Pipevine Swallowtail Butterflies and Their Host, Dutchman’s Pipevine

Late one afternoon a pair of dazzling creatures caught my eye as I walked toward my car in the parking lot at Bowman’s Hill Wildflower Preserve.  They were Pipevine Swallowtail butterflies, a male and a female, flitting about in the neighborhood of a very large Dutchman’s Pipevine (Aristolochia macrophylla), the plant that gives them their name.

As I watched, the female occasionally landed on the Dutchman’s Pipevine, staying in one spot for a few moments, with her lower abdomen curved slightly to touch the Pipevine leaves or stems.  She was laying eggs!  In the photo below, two roundish orange eggs are visible on the stem of the vine, next to her right front leg.  If you look carefully at the tip of her abdomen, you can see a spot of orange – she’s just about to lay another.

Pipevine Swallowtail Butterfly laying eggs on Dutchman’s Pipevine

Some butterflies have evolved a survival strategy that enables their caterpillars to feed on a wide variety of plants, but others, like the Pipevine Swallowtail, have chosen to specialize on a small number of plants that give them a particular advantage.  To protect itself from being eaten, Dutchman’s Pipevine has evolved with chemicals that are at minimum distasteful to those who would eat it, and if a sufficient amount is ingested, they are toxic.  Pipevine Swallowtail caterpillars are among the few creatures who are able to process these chemicals without harm to themselves, then store them in their bodies in such a way that they are toxic to their potential predators.  This chemical protection even survives metamorphosis and extends to the adult butterfly.  It is so effective that other butterflies mimic the appearance of the Pipevine Swallowtail, since this is often enough to warn off predators.

Pipevine Swallowtails lay their eggs in small clusters of usually less than twenty, often on young leaves or stems of Pipevine plants, members of the genus Aristolochia.  In the mid-Atlantic, the only species that Pipevine Swallowtail caterpillars can eat are Dutchman’s Pipevine and Virginia Snakeroot.  In the southwestern part of its range, there are other native Pipevine species that this butterfly uses as its caterpillar food plants.

Pipevine Swallowtail Eggs on Dutchman’s Pipevine

Soon after they hatch, the young caterpillars have a reddish spiny appearance. They tend to feed together in groups.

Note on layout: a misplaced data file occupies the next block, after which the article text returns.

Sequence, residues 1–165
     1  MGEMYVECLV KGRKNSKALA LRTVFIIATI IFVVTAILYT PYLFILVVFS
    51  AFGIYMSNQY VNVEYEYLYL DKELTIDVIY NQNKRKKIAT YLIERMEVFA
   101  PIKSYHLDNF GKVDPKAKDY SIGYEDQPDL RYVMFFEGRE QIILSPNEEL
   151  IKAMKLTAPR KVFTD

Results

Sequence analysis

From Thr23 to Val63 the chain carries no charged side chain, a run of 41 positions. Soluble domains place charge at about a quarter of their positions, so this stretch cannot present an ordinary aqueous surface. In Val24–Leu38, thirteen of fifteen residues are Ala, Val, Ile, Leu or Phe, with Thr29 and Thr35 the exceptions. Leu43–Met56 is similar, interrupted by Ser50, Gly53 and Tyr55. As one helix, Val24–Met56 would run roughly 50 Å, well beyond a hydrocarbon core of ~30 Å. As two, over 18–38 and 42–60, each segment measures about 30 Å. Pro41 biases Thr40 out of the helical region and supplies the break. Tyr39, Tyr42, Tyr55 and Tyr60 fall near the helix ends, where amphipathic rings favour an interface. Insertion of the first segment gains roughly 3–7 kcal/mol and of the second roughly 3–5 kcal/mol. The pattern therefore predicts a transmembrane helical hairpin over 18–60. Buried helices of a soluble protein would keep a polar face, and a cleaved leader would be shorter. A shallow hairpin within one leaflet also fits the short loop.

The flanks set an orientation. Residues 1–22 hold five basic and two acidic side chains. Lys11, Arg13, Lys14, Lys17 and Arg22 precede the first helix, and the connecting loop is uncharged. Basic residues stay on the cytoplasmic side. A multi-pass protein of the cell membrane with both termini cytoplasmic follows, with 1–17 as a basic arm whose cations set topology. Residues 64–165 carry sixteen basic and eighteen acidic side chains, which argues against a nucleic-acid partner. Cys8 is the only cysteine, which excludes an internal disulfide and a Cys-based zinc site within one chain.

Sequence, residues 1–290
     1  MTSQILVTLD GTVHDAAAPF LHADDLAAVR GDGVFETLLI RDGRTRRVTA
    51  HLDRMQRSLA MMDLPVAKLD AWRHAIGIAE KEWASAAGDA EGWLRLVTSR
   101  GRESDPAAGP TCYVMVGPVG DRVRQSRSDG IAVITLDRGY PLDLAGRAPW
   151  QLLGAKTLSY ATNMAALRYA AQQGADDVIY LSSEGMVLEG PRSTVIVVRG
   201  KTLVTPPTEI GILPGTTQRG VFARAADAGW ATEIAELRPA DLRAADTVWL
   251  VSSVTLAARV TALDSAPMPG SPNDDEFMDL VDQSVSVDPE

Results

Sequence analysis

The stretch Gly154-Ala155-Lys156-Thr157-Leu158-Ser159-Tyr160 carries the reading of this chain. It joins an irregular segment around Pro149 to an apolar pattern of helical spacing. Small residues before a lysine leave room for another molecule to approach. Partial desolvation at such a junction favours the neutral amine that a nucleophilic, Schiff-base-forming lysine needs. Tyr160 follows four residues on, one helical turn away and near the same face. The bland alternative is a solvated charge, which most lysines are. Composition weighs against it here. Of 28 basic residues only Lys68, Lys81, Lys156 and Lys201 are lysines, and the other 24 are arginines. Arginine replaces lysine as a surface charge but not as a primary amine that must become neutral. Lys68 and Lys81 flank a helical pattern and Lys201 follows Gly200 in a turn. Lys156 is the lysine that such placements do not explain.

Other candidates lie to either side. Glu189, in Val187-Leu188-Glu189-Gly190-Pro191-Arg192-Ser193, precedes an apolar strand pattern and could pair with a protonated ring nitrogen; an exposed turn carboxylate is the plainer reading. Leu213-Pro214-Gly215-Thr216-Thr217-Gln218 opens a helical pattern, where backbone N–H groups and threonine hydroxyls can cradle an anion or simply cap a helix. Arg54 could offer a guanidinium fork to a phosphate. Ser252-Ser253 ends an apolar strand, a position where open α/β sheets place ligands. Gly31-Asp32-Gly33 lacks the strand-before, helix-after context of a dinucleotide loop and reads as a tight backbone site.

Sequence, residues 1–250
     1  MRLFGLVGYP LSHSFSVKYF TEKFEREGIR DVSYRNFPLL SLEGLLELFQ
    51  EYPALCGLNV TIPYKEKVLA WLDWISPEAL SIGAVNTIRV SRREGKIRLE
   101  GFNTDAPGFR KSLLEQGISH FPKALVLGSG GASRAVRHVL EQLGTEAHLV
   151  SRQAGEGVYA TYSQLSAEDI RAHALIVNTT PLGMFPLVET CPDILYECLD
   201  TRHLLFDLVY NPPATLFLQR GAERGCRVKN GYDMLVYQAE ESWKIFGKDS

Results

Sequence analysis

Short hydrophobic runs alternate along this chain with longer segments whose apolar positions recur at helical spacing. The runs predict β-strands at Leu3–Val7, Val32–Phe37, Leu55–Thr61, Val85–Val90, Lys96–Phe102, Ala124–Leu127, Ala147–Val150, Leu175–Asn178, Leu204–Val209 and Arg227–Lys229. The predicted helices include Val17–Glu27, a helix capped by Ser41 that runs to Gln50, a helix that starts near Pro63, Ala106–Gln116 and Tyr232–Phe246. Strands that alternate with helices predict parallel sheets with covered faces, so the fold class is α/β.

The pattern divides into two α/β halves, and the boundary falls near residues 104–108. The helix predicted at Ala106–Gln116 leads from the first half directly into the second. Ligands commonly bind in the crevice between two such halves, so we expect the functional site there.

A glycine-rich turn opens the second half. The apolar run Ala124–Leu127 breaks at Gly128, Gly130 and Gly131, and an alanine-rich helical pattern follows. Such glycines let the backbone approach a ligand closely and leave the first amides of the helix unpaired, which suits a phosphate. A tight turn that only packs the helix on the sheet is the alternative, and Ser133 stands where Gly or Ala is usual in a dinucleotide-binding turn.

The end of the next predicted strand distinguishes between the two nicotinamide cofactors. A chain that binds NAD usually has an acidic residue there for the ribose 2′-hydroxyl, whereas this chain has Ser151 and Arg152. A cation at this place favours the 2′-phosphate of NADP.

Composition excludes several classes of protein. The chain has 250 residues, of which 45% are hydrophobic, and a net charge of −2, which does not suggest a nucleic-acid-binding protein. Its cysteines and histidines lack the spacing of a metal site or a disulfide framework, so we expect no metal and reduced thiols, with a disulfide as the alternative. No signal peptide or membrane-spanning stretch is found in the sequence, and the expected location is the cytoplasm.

Young Pipevine Swallowtail Caterpillars

Older caterpillars usually feed alone, and their appearance changes, with colors appropriate for Halloween – black with orange trim.

Pipevine Swallowtail Caterpillar on Dutchman’s Pipevine

Adult butterflies feed on a variety of plants for their nectar, and may also seek out minerals at puddles.  They don’t feed on the flowers of the Pipevines, however, because they are not a good anatomical match for feeding or pollination.

Dutchman’s Pipevine is a deciduous vine with large heart-shaped leaves, but it is named for the shape of its flowers, which have a curved tubular shape ending in a flair with an opening in the center to allow pollinators to enter and search for a nectar reward.  The graceful Pipevine Swallowtail is too large to enter, and even its proboscis can’t extend enough to navigate the long curved tube to reach the flower’s food offerings.

Dutchman’s Pipevine Flower in bloom

So how are the Pipevine flowers pollinated?  Small flies and gnats are attracted to the open throat of the flower by an aroma they can detect, and by the color pattern, both directing them forward down the tube.  As the insects enter, they are prevented from reversing course by hairs that line the flower’s throat, forcing the insect forward, a little like the metal spikes at parking lot entrances that will puncture your tires if you back up.  When the insect reaches the nectar source, it meets the sticky stigma of the female flower parts, depositing pollen brought in on its body from another Pipevine flower.  The plant detains the insect until the flower has been fertilized, offering it shelter and nectar, sort of like a little insect bed and breakfast.  The female flower parts wither, and the male parts mature, releasing pollen for the insect to pick up on its body.  The flower tube and its hairs relax enough for the insect to escape the way it entered, taking the pollen to the next flower it visits, ensuring the continuation of both the Dutchman’s Pipevine and the Pipevine Swallowtail species.

Dutchmans Pipevine on fence at Bowman’s Hill Wildflower Preserve